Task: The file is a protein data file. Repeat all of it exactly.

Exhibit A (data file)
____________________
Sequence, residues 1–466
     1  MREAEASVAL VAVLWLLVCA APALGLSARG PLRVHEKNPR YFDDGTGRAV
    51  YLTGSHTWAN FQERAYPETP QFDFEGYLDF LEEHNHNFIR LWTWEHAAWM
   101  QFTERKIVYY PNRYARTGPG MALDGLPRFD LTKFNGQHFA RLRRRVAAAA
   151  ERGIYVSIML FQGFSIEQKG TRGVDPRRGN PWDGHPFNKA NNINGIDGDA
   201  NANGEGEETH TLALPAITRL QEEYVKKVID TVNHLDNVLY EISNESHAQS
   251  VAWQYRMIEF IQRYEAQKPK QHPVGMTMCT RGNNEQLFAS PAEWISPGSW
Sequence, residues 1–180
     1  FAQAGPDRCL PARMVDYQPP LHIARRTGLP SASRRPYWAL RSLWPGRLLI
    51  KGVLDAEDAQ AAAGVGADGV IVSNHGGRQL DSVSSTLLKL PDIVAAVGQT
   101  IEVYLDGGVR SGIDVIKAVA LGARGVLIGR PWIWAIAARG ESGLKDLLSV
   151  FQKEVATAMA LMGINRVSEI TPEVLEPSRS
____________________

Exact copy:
Sequence, residues 1–466
     1  MREAEASVAL VAVLWLLVCA APALGLSARG PLRVHEKNPR YFDDGTGRAV
    51  YLTGSHTWAN FQERAYPETP QFDFEGYLDF LEEHNHNFIR LWTWEHAAWM
   101  QFTERKIVYY PNRYARTGPG MALDGLPRFD LTKFNGQHFA RLRRRVAAAA
   151  ERGIYVSIML FQGFSIEQKG TRGVDPRRGN PWDGHPFNKA NNINGIDGDA
   201  NANGEGEETH TLALPAITRL QEEYVKKVID TVNHLDNVLY EISNESHAQS
   251  VAWQYRMIEF IQRYEAQKPK QHPVGMTMCT RGNNEQLFAS PAEWISPGSW
Sequence, residues 1–180
     1  FAQAGPDRCL PARMVDYQPP LHIARRTGLP SASRRPYWAL RSLWPGRLLI
    51  KGVLDAEDAQ AAAGVGADGV IVSNHGGRQL DSVSSTLLKL PDIVAAVGQT
   101  IEVYLDGGVR SGIDVIKAVA LGARGVLIGR PWIWAIAARG ESGLKDLLSV
   151  FQKEVATAMA LMGINRVSEI TPEVLEPSRS